and Wilson WATT Puppy System 7.

What was common at all stages was a consistency that shows Becker
favoured neither mm nor m-c: the Sunilda treats both equally. Where it
shines is in its ability to let the user extract the most from either. I
know, there are phono stages that provide even more settings, but
AudioValve struck a nice balance. The only thing I would have added were
oddball impedances for mm so I could tweak the Deccas, but then I've
only ever found these on Tim De Paravicini's magnificent solid-state EAR
324.

Provided you address the cabling properly, the Sunilda is eerily
quiet, if not quite on a par with the Sutherland Phd. And yet you never
forget that it's all-valve, with a warmth that separates it from the EAR
324. The latter is hardly 'cold', but it is so precise and proper that
it approaches 'laboratory equipment' in its presentation. The Sunilda is
definitely fatter, more . Intriguingly, transparency is on a
par with solid-state phono stages, so either Becker found some top-grade
tubes, or - more likely - he extracted better performance from the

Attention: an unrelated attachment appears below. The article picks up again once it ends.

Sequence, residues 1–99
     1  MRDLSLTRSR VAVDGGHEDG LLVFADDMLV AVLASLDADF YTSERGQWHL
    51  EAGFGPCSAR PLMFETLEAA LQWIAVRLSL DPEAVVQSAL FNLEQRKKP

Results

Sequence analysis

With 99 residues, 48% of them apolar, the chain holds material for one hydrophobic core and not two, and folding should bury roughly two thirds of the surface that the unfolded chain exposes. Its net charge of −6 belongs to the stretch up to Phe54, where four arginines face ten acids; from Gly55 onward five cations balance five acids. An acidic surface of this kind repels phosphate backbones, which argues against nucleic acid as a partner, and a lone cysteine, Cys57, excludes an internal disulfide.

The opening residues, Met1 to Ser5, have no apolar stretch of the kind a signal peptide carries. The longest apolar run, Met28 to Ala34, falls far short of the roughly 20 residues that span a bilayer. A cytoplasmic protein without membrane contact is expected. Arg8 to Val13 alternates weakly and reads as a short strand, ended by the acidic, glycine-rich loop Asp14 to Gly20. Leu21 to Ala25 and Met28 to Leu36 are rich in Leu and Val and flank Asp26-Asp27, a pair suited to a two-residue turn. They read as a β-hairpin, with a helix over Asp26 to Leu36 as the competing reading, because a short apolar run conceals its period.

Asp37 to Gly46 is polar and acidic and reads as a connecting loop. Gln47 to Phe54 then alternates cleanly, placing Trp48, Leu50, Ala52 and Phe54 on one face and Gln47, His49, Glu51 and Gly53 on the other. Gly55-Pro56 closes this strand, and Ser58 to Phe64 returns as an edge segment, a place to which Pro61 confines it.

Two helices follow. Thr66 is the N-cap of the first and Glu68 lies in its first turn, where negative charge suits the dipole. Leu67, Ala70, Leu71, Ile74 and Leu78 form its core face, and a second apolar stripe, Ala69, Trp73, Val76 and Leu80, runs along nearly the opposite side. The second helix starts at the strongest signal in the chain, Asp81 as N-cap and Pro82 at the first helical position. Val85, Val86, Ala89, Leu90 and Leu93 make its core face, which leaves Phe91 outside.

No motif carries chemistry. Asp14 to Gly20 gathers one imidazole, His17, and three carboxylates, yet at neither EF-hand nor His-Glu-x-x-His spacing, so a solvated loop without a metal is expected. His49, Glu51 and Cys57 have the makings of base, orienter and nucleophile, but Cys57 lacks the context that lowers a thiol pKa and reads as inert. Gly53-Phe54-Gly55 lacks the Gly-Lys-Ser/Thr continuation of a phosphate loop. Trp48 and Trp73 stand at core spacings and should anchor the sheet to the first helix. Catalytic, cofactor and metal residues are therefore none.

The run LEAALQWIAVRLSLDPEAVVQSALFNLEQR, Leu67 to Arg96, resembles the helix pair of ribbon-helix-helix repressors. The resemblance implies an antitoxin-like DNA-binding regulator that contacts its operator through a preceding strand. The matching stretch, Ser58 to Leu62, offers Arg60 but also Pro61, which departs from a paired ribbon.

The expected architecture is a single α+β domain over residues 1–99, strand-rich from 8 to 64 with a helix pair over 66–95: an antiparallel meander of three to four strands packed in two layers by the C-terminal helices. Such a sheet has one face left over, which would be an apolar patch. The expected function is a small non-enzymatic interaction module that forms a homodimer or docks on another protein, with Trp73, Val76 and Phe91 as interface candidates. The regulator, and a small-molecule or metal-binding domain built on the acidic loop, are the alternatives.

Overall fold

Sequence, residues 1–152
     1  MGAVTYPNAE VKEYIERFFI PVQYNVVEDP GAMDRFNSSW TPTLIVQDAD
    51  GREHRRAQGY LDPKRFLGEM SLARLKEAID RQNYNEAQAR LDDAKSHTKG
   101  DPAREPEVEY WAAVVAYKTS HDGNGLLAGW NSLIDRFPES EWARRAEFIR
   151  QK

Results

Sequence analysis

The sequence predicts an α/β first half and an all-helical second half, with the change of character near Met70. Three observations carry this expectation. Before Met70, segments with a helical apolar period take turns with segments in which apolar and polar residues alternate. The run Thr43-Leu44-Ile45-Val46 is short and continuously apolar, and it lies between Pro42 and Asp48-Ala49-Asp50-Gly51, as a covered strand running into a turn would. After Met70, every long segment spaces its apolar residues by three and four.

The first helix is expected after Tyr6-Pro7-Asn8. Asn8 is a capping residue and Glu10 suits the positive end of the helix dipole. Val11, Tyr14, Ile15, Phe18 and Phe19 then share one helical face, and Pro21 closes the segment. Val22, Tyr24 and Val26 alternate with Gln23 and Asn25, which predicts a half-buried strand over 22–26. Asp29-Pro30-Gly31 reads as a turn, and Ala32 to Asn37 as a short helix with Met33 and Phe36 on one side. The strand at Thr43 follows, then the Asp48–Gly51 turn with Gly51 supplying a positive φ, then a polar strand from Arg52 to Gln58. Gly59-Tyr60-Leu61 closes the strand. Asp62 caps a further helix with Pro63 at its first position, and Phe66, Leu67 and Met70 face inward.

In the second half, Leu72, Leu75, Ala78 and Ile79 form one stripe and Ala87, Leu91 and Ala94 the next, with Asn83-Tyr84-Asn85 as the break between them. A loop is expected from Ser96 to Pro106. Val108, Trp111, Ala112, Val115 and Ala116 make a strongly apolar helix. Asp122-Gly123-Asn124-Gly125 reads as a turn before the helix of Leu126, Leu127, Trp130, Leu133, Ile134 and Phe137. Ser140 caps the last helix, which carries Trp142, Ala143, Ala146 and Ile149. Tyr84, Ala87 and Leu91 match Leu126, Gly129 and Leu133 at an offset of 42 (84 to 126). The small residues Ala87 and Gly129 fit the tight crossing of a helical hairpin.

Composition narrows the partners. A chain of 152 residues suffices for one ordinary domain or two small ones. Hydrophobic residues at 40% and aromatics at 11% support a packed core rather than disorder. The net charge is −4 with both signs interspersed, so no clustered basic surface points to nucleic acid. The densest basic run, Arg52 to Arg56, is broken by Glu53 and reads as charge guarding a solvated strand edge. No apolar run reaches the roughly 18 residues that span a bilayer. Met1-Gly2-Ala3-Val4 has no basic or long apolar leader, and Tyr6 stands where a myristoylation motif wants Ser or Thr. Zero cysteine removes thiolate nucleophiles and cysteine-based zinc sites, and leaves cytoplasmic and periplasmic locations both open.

glassware he used than is humanly possible, something he does with his
power amps. (Actually, for Sunilda he's using Electro-Harmonix tubes,
which are mighty fine.)

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Sunilda's warmth was kept in check so that it didn't overwhelm the
listener with a hyper-analogue sound. It's easy to dial in so much
euphonic artifice that you can make any LP sound more inviting than most
intrinsically harsh digital sources, but that means throwing away
super-quick transients, or bass slap. Sunilda sacrifices nothing: it
pours forth the detail, the air, the sense of a three-dimensional space
and the kind of control that's hard to fault. If, on the other hand, you
need a vice-like grip over the entire affair, you simply have to turn
to EAR. (Damn, that 324 is some kind of wonderful...)

What made me fall in love with the Sunilda were big band mono LPs,
which possess a sheen and shimmer that exists nowhere else. Trust me: